Upgrading Windows 10 2016 LTSB to 2019 LTSC

*Note 1* – This retains the Channel type.
*Note 2* – Requires a new Key.
*Note 3* – You can go from LTSB to SA, keeping files if you specify new key.
*Note 4* – LTSC versions.
*Note 5* – Access to ISO’s. This is hard and most places state to use the MS download tool. I however, managed to get the image and key thanks to having a MSDN aka Visual Studio subscription.

I attempted to grab the 2021 Eval copy and ran the setup exe. When it got to the point of wanting to keep existing file (aka upgrading) it would grey them all out… 🙁

So I said no to that, and grabbed the 2019 copy which when running the setup exe directly asks for the key before moving on in the install wizard… which seems to let me keep existing files (upgrade) 🙂

My enjoyment was short lived when I was presented with a nice window update failed window.

Classic. So the usual, “sfc /scannow”

Classic. So fix it, “dism /online/ cleanup-image /restorehealth”

Stop, Disable Update service, then clear cache:

Scan system files again, “sfc /scannow”

reboot make sure system still boots fine, check, do another sfc /scannow, returns 100% clean. Run Windows update (after enabling the service) comes back saying 100% up to date. Run installer….

For… Fuck… Sakes… what logs are there for this dumb shit? Log files created when you upgrade Windows 11/10 to a newer version (thewindowsclub.com)

setuperr.log Same as setupact.log Data about setup errors during the installation. Review all errors encountered during the installation phase.

Coool… where is this dumb shit?

Log files created when an upgrade fails during installation before the computer restarts for the second time.

  • C:\$Windows.~BT\Sources\panther\setupact.log
  • C:\$Windows.~BT\Sources\panther\miglog.xml
  • C:\Windows\setupapi.log
  • [Windows 10:] C:\Windows\Logs\MoSetup\BlueBox.log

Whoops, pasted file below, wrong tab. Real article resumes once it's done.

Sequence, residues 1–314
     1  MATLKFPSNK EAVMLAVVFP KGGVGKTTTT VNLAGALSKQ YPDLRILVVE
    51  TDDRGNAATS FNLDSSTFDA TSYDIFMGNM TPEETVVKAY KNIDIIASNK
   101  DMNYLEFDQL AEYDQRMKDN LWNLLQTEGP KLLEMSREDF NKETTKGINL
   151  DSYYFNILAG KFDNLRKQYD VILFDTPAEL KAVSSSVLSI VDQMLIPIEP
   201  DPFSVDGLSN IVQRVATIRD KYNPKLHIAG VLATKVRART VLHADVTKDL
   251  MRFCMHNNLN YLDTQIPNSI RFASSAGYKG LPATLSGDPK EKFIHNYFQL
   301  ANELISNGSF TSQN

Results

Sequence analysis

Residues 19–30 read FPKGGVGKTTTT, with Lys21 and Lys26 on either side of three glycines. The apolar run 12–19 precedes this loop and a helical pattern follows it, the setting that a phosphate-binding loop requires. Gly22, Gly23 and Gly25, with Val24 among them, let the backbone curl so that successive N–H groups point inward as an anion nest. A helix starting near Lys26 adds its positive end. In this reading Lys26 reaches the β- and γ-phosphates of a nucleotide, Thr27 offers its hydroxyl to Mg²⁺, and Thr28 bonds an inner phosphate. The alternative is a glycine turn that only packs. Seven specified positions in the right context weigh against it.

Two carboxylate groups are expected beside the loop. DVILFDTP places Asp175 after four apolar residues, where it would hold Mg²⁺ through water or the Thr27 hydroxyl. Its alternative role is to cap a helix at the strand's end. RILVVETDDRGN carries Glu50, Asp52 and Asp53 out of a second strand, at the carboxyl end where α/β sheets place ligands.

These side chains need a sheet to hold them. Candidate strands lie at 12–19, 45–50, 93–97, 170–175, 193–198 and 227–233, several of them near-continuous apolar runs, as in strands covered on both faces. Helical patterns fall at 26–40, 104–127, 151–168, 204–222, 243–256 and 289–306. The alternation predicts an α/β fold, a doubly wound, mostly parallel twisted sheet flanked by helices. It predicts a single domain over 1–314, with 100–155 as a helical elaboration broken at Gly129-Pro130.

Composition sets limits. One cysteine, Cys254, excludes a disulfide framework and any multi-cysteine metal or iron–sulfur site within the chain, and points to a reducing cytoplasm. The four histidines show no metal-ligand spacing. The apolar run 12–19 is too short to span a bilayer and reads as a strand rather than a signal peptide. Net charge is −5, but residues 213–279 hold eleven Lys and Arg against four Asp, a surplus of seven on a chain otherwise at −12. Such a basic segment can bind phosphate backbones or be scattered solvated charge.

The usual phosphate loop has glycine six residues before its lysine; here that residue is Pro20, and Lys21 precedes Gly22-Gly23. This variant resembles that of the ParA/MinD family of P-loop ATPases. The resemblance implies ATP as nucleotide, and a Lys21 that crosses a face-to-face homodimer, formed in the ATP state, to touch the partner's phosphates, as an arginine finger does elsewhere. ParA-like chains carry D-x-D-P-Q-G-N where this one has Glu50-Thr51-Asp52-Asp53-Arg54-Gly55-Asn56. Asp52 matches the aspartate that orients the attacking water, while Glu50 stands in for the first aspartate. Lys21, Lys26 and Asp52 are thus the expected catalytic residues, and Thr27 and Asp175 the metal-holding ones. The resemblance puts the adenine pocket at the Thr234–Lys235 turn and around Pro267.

OK checking the log…..

Lucky me, something exists as documented, count my graces, what this file got for me?

PC Load letter? WTF does that mean?!  While it’s not listed in this image it must have been resolved but I had a line that stated “required profile hive does not exist” in which I managed to find this MS thread of the same problem, and thankfully someone in the community came back with an answer, which was to create a new local temp account, and remove all old profiles and accounts on the system (this might be hard for some, it was not an issue for me), sadly I still got, Windows 10 install failed.

For some reason the next one that seems to stick out like a sore thumb for me is “PidGenX function failed on this product key”. Which lead me to this thread all the way back from 2015.

While there’s a useless comment by “SaktinathMukherjee”, don’t be this dink saying they downloaded some third party software to fix their problem, gross negligent bullshit. The real hero is a comment by a guy named “Nathan Earnest” – “I had this same problem for a couple weeks. Background: I had a brand new Dell Optiplex 9020M running Windows 8.1 Pro. We unboxed it and connected it to the domain. I received the same errors above when attempting to do the Windows 10 upgrade. I spent about two weeks parsing through the setup error logs seeing the same errors as you. I started searching for each error (0x800xxxxxx) + Windows 8.1. Eventually I found one suggesting that there is a problem that occurs during the update from Windows 8 to Windows 8.1 in domain-connected machines. It doesn’t appear to cause any issues in Windows 8.1, but when you try to upgrade to Windows 10… “something happened.”

In my case, the solution: Remove the Windows 8.1 machine from the domain, retry the Windows 10 upgrade, and it just worked. Afterwards, re-join the machine to the domain and go about your business.

Totally **** dumb… but it worked. I hope it helps someone else.”